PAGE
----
Thursday, July 5, 2012

Beyond independence

The 4th of July means different things to different people. For some, it's just a day off, for others it's a day of barbecue, drinking, or shopping, and still for others it's a day of celebrating American independence--a day or patriotism. My parents are indifferent immigrants, so the day has never held any real significance for me.

Yesterday, though, as my family and I watched the fireworks from our seats on the lawn of Burger King (yes, you read that correctly: Burger King's lawn is where we watched the fireworks at Sesame Place, PA), all of the traditional ideas that surround this American holiday--America(n), patriotism, democracy, freedom,  justice--washed over me.

What are these concepts that we wield so often in conversation, that inform our identities and politics, and that people are willing to die to defend or kill to spread?

What are these? Ideas, of course, but "what" are they? I dug my mental heels into the hoatou, the primary form of Five Mountain Zen practice.

What are these? What is this day? Who is experiencing all of this?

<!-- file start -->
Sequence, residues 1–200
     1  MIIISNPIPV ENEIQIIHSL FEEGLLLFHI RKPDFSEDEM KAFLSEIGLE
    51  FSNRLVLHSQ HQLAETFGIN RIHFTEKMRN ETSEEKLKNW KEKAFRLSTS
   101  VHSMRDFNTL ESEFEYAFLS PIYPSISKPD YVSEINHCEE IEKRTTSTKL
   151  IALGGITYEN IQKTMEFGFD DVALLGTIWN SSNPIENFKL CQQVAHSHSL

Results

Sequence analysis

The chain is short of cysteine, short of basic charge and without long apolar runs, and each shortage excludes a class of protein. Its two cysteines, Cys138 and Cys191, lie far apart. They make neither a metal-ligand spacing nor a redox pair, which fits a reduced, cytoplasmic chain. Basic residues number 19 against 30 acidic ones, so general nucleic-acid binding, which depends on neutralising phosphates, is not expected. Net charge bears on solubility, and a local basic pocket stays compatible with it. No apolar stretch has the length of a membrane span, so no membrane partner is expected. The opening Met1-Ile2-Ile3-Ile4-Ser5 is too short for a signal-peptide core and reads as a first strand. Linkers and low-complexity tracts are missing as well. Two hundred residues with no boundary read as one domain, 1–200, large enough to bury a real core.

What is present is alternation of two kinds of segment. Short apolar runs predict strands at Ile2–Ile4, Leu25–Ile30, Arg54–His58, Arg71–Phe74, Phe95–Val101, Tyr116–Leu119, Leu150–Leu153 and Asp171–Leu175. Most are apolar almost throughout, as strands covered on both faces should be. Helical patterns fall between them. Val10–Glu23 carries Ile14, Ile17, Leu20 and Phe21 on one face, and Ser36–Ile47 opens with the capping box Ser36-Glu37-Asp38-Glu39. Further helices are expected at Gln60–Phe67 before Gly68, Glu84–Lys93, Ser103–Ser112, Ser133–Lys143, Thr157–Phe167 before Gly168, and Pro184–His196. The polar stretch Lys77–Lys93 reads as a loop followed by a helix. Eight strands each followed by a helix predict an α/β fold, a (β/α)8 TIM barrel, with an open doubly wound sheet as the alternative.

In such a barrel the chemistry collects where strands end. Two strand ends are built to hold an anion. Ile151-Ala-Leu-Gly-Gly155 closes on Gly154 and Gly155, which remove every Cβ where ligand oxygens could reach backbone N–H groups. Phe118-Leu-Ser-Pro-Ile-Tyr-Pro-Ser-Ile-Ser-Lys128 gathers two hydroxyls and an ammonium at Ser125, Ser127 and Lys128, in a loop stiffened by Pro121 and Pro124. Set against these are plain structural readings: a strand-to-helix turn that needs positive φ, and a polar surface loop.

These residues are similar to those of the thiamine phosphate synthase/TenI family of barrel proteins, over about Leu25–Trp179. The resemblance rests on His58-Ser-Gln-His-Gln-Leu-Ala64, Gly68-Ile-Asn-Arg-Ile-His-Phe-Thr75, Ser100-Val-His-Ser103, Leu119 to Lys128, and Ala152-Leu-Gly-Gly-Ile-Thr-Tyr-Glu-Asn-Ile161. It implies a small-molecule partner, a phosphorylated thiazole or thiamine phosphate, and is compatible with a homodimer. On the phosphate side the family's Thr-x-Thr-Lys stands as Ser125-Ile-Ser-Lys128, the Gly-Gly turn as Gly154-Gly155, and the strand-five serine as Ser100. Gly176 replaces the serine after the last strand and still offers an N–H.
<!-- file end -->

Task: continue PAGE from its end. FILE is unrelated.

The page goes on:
As the fireworks crackled in the sky, a garden of sparkles against the dark of night, I was engulfed in Don't-know. My son danced on the lawn, much to our parental chagrin, while my daughter munched on french fries. My wife sat on the Hello Kitty blanket and watched my son with one eye and the fireworks with the other.

America, American, human, self, other? All are ideas that, by nature, categorize and separate.

Only don't know. 

Interdependence, interpenetration, emptiness? More ideas. Zen isn't interested in positing more ideas; it cuts right through conceptual thought.

Are the fireworks inside or outside my mind? More gum flapping.

Only this, thus--don't know.

Just fireworks exploding against the tapestry of the night. Children's laughter, a Burger King sign blazing bright. 

Happy belated holiday everyone. May all beings find peace, freedom, and joy.

Photo borrowed from Creative Commons flickr user: bayasaa's photostream.

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